RN: You distinguish your poems from artifacts aimed mostly at performance. Since plays can be both performances and readable works of art as texts, couldn’t that be the case for performed poetry as well in some cases? Would this be a species of poetry different enough from the norm to require a label other than “poetry”?

JK: I would not want to place my own poetry in a separate category of poetry that can be read on the page, but is only fully realized when it is performed, like a play, although perhaps some slam poetry might fit in this category. I hope my own poetry succeeds on the page and also lends itself to effective performance. However, it is not written for performance.

RN: I know that you have retired from teaching, and also, you said earlier that there is or should be nothing “programmatic” about the method of reading you practice, but in your view, would performance skills be a good thing to teach to poets in academic programs, and if so, how might that be accomplished? Read on the page, sometimes poems might not fully reveal their sonic qualities or where sound intersects with meaning and emotion. As you suggest in your response to the first question, couldn’t self-consciously practicing the act of reading poetry lead to a deeper and more nuanced understanding of poems and poetry?


JK: Yes! First, there’s an immediate practical use of reading aloud. It helps the writer to think about what comes across aurally, which may lead to rethinking her own technique in a particular poem. Actually, I find that giving my poem to someone else to read out loud in my presence helps me to see where my cues are more ambiguous than I like, or where implications aren’t coming across or are inconsistent with my intentions.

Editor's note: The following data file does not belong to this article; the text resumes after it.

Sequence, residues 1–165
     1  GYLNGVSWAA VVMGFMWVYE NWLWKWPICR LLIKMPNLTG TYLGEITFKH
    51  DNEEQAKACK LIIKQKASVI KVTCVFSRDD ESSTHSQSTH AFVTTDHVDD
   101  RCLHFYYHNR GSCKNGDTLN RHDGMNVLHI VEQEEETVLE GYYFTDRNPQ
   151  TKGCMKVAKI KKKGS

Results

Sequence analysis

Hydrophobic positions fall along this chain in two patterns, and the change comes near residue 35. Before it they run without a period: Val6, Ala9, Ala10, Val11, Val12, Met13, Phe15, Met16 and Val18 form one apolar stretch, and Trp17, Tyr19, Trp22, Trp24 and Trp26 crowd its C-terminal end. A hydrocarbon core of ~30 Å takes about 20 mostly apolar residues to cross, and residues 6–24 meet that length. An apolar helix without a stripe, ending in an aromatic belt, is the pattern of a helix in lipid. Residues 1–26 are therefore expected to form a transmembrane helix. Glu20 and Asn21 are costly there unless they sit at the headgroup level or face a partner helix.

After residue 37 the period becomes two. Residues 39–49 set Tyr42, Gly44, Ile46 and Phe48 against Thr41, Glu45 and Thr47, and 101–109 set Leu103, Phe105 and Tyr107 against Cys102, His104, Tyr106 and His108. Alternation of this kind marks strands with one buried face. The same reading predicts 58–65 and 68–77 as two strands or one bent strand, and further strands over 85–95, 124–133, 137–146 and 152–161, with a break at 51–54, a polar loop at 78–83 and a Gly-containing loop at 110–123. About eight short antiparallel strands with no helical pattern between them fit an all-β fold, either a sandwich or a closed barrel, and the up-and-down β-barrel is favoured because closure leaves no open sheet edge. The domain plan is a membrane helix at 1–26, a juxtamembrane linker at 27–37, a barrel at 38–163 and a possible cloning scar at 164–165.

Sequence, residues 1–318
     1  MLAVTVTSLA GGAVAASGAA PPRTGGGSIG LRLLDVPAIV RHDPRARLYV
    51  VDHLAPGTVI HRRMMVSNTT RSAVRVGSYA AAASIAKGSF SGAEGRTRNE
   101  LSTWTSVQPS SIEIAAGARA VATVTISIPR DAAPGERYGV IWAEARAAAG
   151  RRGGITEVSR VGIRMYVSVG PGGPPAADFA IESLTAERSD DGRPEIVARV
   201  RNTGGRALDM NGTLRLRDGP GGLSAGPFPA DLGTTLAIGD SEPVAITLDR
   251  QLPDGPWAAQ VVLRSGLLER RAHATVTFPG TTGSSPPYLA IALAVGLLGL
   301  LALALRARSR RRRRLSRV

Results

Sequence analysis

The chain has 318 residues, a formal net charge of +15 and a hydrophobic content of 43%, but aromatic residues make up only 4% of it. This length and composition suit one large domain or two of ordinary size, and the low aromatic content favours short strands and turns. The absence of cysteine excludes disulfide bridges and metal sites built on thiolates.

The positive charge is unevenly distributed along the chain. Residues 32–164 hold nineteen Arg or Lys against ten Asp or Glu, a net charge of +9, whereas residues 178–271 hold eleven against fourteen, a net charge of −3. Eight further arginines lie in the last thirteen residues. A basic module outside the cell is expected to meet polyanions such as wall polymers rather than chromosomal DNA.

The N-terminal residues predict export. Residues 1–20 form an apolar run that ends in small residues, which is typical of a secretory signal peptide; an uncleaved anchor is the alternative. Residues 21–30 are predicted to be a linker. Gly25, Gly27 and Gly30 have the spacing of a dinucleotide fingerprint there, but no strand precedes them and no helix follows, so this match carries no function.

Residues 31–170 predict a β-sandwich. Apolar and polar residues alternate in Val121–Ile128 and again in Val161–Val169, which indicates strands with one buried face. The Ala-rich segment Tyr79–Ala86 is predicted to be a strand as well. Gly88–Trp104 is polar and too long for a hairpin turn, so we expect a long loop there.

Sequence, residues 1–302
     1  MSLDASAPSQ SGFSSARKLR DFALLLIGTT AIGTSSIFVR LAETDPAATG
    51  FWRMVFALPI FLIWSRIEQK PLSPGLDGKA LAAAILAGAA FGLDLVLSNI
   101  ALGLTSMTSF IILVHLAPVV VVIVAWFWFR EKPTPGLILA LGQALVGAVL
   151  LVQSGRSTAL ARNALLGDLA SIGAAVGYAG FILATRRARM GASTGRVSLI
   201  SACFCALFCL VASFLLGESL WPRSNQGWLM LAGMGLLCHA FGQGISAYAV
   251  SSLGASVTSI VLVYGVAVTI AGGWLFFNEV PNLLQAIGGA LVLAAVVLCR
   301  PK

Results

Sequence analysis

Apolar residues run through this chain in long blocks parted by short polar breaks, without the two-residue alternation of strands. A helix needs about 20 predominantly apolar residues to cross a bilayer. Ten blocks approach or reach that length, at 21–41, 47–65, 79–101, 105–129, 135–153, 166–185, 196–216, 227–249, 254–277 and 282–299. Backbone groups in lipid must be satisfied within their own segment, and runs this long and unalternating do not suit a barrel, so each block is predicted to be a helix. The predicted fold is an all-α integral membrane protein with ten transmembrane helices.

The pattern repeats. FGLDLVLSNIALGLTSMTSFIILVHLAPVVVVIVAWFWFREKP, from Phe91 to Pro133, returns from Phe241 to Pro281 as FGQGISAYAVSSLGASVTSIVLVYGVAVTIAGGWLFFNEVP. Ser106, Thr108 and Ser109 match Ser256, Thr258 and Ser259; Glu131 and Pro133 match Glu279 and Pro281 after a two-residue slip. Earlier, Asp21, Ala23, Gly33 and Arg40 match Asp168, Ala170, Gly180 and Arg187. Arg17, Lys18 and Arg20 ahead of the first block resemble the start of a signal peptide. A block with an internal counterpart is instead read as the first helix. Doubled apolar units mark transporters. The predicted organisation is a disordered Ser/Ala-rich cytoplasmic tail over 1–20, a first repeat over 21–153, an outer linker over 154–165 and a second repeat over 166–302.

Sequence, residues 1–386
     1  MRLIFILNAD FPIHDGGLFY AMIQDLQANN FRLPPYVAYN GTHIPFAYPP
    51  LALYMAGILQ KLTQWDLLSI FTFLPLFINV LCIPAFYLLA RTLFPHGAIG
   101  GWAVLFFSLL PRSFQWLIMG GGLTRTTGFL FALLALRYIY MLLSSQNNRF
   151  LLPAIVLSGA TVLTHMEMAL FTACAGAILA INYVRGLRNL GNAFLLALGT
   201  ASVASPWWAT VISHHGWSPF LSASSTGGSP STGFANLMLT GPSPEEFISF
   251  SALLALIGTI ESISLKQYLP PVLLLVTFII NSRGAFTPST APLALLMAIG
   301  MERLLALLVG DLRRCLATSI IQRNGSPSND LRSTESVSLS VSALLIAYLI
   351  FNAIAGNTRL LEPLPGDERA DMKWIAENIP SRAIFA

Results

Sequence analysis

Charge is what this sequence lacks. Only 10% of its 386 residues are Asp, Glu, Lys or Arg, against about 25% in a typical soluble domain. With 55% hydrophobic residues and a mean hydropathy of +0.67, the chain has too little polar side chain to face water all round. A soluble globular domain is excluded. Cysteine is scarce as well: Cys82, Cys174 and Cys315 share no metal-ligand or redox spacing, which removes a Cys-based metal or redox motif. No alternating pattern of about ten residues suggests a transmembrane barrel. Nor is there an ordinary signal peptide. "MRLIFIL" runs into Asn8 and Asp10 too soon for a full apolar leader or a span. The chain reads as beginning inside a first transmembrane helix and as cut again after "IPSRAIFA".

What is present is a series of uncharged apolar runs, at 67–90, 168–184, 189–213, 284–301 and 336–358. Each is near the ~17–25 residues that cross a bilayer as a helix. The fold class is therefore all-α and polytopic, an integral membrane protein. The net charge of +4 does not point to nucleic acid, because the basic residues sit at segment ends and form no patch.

More broadly speaking, I think that paying attention to the sonic qualities of one’s own poetry can indeed be part of a poet’s education. Paying attention to these qualities as they interact with rhythm and emotion in poets other than oneself is also important in teaching poetry to poets and non-poets alike. What is learned well enough to be totally internalized, rather than a conscious practice, can affect one’s own practice of poetry in unplanned and good ways. Memorizing one’s own poems, and especially the admired poems of others, and saying them over in one’s mind (so useful in times of stress!) or reciting them encourages such internalization. When a poem is committed to memory, its sound and rhythmic structures tend to stand out more in one’s mind. Sometimes conscious intellectual analysis—of sound and related features—can be the first step in this process of internalization that yields unplanned results in the writing of one’s own poems. I remember being asked, as an undergraduate, back in the days of the New Criticism, to analyze Donne’s Holy Sonnet, “If poisonous minerals, and if that tree” in terms of the phoneme types in its octave and sestet. The poem starts with a preponderance of fricatives and sibilants which are significantly reduced as it proceeds, if I remember correctly—a trajectory very much connected to the argument and emotion. Now, no-one is going to think, Hmmm, I’ll start out with a bunch of fricatives and then, as my poem moves into penitence and pleading from anger, I’ll let them largely drop out. But having deeply felt the structure of this poem’s sounds in relation to its meaning and its emotional trajectory, perhaps I instilled a visceral knowledge in some corner of my poetic mind to be called on, without my conscious awareness, in my later writing. For the poet, as opposed to the scholar or critic, it’s really not quite so much a matter of the importance of the particular analytic conclusion—however interesting—as of the value of living intensely, for a while, with the poem as a sonic and rhythmic entity.

RN: Hearing you speak about this way of analyzing and discussing poetry makes me wonder how much all of us are indebted to that school of criticism for our current habits of interpretation. We tend to think of New Criticism as dead and gone, but it has had an influence on the way we think about poetry and indeed all literature. Could you say more about how New Criticism and Formalism in general helped to shape you as a writer?